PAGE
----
FinTechAutomationInnovating the treasury back office

Innovating the treasury back office

Brad Garfield, Head of Commercial Cards at Bank of America discusses how corporates can capture efficiencies in treasury and B2B payments through artificial intelligence, automation and other advances in technology.

Technology is rapidly changing how business gets done. While this can create complexities, there are also many new opportunities to use technology to harness benefits. This is especially true when it comes to B2B payments.

Things like artificial intelligence, automation and other advances are enabling companies to make smarter payments decisions informed by real data, while eliminating wasteful spending and inefficient manual processes.

This wave of innovation focuses on four of today’s biggest payables pain points:

  • Automating cumbersome AP processes
  • Eliminating expense reporting inefficiencies
  • Capturing more dining spend
  • Simplifying your digital purchasing transformation

Automating accounts payable

Brad Garfield, Head of Commercial Cards at Bank of America

For most businesses, payment volumes continue to grow. Each year, businesses generate $2.5 trillion in flows via card, check, ACH and wire (Mercator, The U.S. Commercial Card Market, 2017). And yet, back-office payment processes at most businesses remain slow, inefficient and error-prone—bogged down by manual chores like entering invoices and inputting supplier data. Often, payment approvals aren’t integrated into ERP systems—adding yet another cumbersome step.

From listening to businesses talk about these types of challenges, we understand that automating the entire process would solve many of their pain points.

For instance, digitizing and centralizing invoices in an online portal for review and processing would improve visibility, control and audit trails and simplify compliance. Particularly if it could be integrated into ERP systems, and if the banking partner offers API access.

In this ideal world, an automated B2B payments solution would still let suppliers choose whether they want to get paid via card, virtual card, ACH or check. For the buyers, they no longer have the burden of managing the entire payment process — including vendor data storage and as a consequence, they would save two to three times more than just by eliminating paper checks alone.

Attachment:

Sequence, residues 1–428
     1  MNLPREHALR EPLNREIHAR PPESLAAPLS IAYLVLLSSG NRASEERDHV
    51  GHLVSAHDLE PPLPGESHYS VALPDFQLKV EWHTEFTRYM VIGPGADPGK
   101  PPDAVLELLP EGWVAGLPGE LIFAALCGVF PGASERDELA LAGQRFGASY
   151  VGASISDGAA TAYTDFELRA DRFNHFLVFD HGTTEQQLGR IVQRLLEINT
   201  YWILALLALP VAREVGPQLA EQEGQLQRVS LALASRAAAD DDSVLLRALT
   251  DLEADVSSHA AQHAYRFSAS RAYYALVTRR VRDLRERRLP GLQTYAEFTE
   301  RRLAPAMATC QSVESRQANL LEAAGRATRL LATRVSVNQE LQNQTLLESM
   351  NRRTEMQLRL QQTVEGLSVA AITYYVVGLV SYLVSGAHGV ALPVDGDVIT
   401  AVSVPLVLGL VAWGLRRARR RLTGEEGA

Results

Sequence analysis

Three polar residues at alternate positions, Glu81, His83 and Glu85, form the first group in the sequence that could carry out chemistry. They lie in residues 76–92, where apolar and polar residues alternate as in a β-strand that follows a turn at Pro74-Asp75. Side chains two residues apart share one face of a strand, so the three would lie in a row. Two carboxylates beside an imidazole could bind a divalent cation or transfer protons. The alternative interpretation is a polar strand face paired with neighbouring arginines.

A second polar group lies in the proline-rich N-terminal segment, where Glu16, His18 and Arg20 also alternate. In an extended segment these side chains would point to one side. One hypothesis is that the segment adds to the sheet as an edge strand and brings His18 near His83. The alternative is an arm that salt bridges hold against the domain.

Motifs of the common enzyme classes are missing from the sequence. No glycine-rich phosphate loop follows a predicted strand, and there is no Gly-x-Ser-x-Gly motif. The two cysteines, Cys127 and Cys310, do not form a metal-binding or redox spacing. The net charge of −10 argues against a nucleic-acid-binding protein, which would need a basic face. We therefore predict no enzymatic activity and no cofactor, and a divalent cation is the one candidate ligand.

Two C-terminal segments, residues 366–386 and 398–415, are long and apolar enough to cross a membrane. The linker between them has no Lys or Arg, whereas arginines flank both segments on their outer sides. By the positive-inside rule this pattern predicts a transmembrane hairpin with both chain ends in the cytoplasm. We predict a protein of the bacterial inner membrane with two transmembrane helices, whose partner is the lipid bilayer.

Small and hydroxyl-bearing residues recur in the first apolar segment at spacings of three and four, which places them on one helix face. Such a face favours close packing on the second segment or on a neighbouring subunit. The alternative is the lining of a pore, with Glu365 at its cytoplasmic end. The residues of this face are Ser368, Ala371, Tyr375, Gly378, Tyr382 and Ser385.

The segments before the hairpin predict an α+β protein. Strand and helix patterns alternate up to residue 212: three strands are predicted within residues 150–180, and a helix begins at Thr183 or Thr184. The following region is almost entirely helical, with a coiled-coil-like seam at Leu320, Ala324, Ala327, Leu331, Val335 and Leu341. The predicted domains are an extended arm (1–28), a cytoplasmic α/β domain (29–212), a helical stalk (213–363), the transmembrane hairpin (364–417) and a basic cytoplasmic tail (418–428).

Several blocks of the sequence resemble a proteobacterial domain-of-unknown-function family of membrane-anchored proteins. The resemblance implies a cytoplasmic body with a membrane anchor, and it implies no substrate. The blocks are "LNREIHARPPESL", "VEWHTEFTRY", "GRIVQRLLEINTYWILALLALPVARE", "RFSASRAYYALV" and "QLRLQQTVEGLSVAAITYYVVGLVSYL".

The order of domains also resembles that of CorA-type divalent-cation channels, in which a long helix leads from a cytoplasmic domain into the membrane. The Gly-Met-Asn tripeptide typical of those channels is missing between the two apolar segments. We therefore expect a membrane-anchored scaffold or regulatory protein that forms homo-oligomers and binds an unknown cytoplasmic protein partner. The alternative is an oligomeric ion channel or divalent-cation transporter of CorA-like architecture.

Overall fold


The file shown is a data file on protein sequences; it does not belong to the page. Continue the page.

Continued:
The end of expense reporting?

At our Global Payables and Card Conference earlier this year, more than 80% of attendees said that their organizations manually audit expense reports. This requires significant time and money—and may not be all that effective at finding bad behavior, such as expense report padding, duplicate submissions and excessive personal spending. However, there are solutions in the market that companies can take on this manually intensive task.

For instance, there are cloud-based platforms that act as a virtual detective, digging deep into spending data to look for clues and evidence. These innovations use artificial intelligence to analyze every single transaction, which means companies can move beyond manually spot-checking a small sample and look at spend holistically. This makes it much easier to pinpoint bad behavior and find the 5% of employees who create 95% of the risks. In fact, we know some companies that have gained so much confidence from this capability that they’ve begun using it with their purchasing card programs—and significantly expanded those programs as a result.

Preferred dining

Many organizations have long used preferred travel programs to consolidate their buying power and get the best rates from airlines and hotels. But one travel-spend category—dining—has remained elusive for years, primarily due to the restaurant industry’s fragmentation and lack of a cohesive B2B strategy. This is a major opportunity for both sides, since companies annually spend an estimated $100 billion on food and drink in the U.S. alone.

Preferred dining is a reality through marketplaces that can connect business travelers to more than 20,000 restaurants in the United States across every price point and occasion. Once an organization enrolls in such a marketplace, it can earn rebates every time its employees dine at an in-network restaurant and pay with their corporate or purchasing card. Travelers can easily find restaurants via an app or online, and can even earn personal rewards in addition to the corporate rebate. It’s also a great way to capture spend that employees might otherwise put on a personal card.

Smarter, stronger digital purchasing

Digital transformation is a major procurement priority. Half of all procurement teams consider their digital transformation nearly or totally complete, and 47% are in the planning or execution stages (WBR Insights 3rd Annual CPO Study, 2019). Common barriers include difficulty integrating new tech and a lack of funds, urgency and expertise.

To help overcome these barriers, companies can use an online marketplace that’s designed just for business spending. Online marketplaces are already ubiquitous with consumers in their personal lives, and this familiarity is a big factor in why it can work well for business procurement. Purchasing department employees gets the same easy consumer experience—broad selection, the ability to comparison shop and card acceptance—plus business-only discounts, extra spend analytics and unlimited free two-day shipping.

Enhancing treasury intelligence

As businesses seek to transform treasury, finding ways to work that are fast, smart and secure becomes more important than ever. The good news is that there already exist powerful solutions that can help make it happen, and by doing so, further elevate a treasury team’s ability to contribute strategically and create a lasting competitive edge for their company.


Brad Garfield is Head of Commercial Card Products at Bank of America.

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